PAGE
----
New Zealand has several big cities (if a couple of million people qualifies as big), but to get to the heart of New Zealand and what it is to be a New Zealander, you really have to leave the city. Climb the mountains, surf the breaks, and drive the backroads. There’s a little town just north of Dunedin on the South Island that is well worth a visit for just such an experience. In Karitane, you’ll find a single shop featuring a ‘happy birthday’ chalkboard, plenty of Māori culture and history, and a couple of rather lovely beaches to stroll along.
Taking the back roads
First tip: if you’re coming from Dunedin, turn off State Highway 1 towards Warrington (just past Waitati) and take the back road that winds its way along the steep Pacific coastline. You’ll drive past eerie abandoned buildings and plenty of curious cows - and sheep of course! This is New Zealand, after all. Make sure you stop at the lookout just before you zig zag down the hill into the little village of Karitane. It’s a good spot to take in the view of the small patch of homes set alongside the great big blue (or grey, depending on the day) Pacific, the estuary, and the rolling hills in the background.
The rural ideal
There is a certain idealism in New Zealand associated with the rural lifestyle of the mid to late 20th century. A time when kids had the freedom to play in the street or on the beach without supervision, an era in which everyone knew everyone, and had a certain ‘she’ll be right’ attitude to life. In Karitane, this ideal is (on the surface) alive and well. Last time I was there, my friends and I took a dinghy out into the estuary and came across two young boys fishing in their own dinghy, no adults in sight. The owners of Karitane’s single store know everyone’s names, and you can walk down the middle of the road without too much concern for your life.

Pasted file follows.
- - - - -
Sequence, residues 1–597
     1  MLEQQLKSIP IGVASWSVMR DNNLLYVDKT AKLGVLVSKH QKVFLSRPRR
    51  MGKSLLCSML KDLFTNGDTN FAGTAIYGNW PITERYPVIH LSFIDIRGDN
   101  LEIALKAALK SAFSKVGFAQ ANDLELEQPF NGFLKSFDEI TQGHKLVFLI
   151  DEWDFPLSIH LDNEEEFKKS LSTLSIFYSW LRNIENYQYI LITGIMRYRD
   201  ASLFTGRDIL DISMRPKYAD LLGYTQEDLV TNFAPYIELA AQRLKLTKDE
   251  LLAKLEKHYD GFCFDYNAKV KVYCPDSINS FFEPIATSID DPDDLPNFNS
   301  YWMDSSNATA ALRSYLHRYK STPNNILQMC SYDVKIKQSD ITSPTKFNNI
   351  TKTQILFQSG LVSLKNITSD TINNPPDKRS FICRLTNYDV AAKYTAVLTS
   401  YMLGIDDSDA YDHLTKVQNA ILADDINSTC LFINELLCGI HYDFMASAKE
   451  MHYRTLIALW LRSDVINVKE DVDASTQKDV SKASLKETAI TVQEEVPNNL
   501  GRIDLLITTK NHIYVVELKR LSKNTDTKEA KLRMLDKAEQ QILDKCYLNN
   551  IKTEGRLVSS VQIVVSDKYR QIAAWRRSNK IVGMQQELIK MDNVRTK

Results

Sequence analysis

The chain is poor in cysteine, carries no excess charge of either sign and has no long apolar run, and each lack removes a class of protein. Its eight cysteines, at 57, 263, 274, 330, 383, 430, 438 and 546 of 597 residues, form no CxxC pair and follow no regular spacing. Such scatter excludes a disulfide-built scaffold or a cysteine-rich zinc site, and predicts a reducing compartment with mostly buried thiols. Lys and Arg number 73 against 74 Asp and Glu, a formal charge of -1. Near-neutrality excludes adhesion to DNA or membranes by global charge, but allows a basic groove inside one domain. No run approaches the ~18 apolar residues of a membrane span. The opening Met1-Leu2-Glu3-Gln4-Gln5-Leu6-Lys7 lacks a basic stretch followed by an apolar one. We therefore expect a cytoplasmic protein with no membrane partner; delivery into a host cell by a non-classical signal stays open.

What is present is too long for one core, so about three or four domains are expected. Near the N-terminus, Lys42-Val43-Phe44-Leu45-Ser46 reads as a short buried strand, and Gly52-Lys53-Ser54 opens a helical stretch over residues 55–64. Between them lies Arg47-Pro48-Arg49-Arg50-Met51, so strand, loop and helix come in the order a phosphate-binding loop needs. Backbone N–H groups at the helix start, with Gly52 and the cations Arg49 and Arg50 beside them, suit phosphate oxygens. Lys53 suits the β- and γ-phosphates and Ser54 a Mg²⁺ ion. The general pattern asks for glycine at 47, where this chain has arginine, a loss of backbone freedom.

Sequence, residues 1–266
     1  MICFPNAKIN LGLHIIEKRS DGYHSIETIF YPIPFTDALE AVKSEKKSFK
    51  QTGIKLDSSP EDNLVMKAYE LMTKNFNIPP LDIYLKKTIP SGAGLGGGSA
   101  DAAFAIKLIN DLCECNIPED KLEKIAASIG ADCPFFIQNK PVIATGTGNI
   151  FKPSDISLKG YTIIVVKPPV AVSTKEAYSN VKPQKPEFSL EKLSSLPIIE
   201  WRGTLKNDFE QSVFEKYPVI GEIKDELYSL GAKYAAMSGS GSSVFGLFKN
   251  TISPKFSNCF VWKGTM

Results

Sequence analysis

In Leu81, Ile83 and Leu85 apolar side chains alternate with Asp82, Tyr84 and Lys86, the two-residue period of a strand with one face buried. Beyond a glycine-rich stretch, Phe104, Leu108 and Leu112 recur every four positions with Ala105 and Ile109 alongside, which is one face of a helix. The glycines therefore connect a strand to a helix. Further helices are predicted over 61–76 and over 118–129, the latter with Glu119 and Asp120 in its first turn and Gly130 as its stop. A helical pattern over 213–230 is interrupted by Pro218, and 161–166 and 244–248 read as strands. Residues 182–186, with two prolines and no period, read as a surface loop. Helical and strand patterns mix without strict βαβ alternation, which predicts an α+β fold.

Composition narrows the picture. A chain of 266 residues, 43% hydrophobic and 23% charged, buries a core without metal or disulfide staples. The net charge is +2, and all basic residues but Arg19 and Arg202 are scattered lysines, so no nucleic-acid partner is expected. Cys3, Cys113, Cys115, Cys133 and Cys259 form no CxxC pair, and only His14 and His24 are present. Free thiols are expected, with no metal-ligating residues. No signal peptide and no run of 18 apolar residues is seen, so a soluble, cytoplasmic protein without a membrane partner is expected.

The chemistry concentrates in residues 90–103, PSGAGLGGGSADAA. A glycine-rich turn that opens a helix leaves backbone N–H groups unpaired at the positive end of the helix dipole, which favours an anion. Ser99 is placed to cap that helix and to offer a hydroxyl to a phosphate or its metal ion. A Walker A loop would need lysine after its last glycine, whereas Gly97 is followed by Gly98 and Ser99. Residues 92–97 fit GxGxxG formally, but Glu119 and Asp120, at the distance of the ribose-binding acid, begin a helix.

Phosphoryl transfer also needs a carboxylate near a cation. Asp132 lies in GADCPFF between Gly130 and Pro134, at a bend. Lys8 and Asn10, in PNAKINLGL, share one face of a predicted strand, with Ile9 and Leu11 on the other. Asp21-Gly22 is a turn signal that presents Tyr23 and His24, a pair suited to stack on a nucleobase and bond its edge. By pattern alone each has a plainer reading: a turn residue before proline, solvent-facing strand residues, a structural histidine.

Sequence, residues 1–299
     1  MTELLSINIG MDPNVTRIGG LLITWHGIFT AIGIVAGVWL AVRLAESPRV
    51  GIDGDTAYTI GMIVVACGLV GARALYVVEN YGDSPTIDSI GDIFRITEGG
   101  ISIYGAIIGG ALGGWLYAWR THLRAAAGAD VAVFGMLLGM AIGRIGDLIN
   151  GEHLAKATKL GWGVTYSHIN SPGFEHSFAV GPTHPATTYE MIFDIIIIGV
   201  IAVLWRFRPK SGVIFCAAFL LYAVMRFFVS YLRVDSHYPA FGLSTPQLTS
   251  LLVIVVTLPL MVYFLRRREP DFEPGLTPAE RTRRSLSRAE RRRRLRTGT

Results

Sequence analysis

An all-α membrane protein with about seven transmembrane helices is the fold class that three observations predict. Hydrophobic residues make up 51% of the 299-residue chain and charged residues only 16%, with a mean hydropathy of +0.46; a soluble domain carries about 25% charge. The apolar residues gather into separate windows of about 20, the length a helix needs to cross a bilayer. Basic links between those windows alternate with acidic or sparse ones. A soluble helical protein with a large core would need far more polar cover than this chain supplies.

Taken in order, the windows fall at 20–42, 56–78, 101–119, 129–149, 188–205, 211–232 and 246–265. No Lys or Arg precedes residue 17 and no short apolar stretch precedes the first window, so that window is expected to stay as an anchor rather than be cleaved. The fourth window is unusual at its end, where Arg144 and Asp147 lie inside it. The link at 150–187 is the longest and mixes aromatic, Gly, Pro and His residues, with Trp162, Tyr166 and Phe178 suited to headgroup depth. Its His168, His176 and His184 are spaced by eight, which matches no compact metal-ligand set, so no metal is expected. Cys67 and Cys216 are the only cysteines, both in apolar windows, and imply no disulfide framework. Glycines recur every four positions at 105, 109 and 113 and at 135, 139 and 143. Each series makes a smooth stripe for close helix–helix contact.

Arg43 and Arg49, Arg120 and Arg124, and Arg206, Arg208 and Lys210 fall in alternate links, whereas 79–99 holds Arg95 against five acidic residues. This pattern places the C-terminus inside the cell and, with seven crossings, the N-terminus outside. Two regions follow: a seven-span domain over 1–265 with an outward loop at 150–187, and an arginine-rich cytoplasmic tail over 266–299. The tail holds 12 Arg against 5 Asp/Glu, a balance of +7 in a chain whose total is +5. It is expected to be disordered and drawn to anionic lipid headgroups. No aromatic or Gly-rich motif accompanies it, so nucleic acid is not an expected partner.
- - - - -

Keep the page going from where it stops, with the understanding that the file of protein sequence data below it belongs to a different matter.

A potted history
Go back another 100 years from that rural ideal and you come to a fascinating but slightly disconcerting slice of Karitane’s history. If you follow the track that starts just past the playground, and look out towards the northern headland at low tide, you’ll see a strange structure in the bay. This is the remnants of a whaling station run by Johnny Jones, where humpback and southern right whales were hunted between 1838 and 1848.
The tour through New Zealand history continues if you wander past the whaling station onto the Huriawa peninsula. This is the site of a pā (Māori village, usually in a strategically defensive position) known as Te Wera. The peninsula was not only used for defensive purposes, but it was also used for agriculture and was a part of spiritual life for the local Māori. Plaques, placed along the walkway that meanders across the peninsula, reflect the rich history of this small piece of land. The walkway is well maintained and only takes 20 minutes or so. It’s well worth the time!
A beautiful place to breathe deep
Aside from the rich history, Karitane is simply a beautiful and tranquil place to spend an afternoon. The southern bay is often dotted with surfers, as it’s a well known break for those with a bit of experience and a sense of adventure. The rest of the coastline is rocky and wild, but it’s great fun to clamber across the rocks at low tide, exploring rock pools and marvelling at the isolated beauty around you.
Karitane is the epitome of New Zealand small-town life, and the perfect place to wile away an afternoon, taking in the beauty, chilled out vibes, and local history.
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